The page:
The answer is rarely no when parents are asked the question “Is the baby making sounds?” But if it is, it’s important to try to find out what’s going on, according to a New York Times article.
“If a baby isn’t babbling normally, something may be interrupting what should be a critical chain: not enough words being said to the baby, a problem preventing the baby from hearing what’s said, or from processing those words, ” says article’s author and pediatrician Dr Perri Klass. In other words, there is “something wrong in the home, in the hearing or perhaps in the brain.”
According to Dr Klass, babble is increasingly being understood as an essential precursor to speech, as well as for both cognitive and social emotional development. And research is looking into the phonetic components of babble, along with "the interplay of neurologic, cognitive and social factors."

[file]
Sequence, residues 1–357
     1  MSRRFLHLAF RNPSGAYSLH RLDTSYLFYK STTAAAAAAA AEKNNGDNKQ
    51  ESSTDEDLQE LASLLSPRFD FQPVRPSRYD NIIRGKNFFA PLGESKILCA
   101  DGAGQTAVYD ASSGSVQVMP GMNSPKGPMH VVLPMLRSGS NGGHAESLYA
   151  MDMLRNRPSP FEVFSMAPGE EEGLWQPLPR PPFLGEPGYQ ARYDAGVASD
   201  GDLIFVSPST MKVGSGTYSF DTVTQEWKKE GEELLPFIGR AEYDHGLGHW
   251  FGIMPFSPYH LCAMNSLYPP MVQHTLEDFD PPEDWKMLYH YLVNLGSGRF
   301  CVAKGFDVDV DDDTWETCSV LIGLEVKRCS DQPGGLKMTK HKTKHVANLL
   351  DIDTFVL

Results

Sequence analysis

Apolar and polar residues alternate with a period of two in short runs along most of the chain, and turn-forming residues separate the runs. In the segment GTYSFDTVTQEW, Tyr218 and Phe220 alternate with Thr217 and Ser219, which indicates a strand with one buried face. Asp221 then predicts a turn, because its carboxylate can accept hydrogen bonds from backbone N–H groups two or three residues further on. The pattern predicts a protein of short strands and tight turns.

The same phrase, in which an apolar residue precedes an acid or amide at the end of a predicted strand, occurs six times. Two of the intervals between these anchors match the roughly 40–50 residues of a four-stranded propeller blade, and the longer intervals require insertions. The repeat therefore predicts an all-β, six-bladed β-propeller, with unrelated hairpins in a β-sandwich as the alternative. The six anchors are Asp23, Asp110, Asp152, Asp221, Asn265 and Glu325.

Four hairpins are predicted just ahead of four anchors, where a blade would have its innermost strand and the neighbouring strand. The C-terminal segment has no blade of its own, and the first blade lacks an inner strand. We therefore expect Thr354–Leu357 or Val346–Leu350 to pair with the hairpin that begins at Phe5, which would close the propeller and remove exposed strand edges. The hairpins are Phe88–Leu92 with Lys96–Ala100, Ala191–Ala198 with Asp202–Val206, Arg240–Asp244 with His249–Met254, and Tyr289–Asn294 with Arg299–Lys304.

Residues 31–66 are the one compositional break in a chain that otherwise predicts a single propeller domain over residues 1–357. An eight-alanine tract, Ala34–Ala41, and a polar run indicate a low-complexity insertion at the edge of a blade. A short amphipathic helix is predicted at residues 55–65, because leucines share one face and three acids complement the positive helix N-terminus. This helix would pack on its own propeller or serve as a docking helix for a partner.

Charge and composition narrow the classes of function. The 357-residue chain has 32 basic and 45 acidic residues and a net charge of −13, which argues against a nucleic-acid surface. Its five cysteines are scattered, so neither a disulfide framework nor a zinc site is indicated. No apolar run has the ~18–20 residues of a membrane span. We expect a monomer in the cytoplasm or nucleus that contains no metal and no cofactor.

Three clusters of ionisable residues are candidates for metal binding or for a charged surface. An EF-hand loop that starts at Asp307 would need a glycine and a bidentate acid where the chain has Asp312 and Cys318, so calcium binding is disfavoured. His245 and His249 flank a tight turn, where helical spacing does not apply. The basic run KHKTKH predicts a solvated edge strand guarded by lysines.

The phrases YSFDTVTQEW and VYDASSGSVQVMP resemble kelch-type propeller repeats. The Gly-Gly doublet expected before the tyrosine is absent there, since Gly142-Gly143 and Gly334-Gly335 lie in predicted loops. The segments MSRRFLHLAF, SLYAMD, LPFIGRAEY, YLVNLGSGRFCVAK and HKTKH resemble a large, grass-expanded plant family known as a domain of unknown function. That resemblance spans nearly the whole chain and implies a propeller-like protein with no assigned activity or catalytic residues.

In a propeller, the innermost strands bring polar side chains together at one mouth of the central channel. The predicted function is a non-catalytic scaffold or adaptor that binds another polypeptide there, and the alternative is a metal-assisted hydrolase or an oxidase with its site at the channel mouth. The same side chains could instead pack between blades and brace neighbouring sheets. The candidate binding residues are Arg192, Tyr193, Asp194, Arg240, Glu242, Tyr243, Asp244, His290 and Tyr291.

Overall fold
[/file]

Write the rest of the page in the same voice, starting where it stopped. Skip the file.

To study babbling, researchers have begun to look at the social response – at the baby and the parent together. Experiments by Michael H. Goldstein, an assistant professor of psychology at Cornell, showed that babies learn better from parental stimulation if parents provide that stimulation in response to the baby’s babble. “In that moment of babbling, babies seem to be primed to take in more information,” Professor Goldstein said. “It’s about creating a social interaction where now you can learn new things.”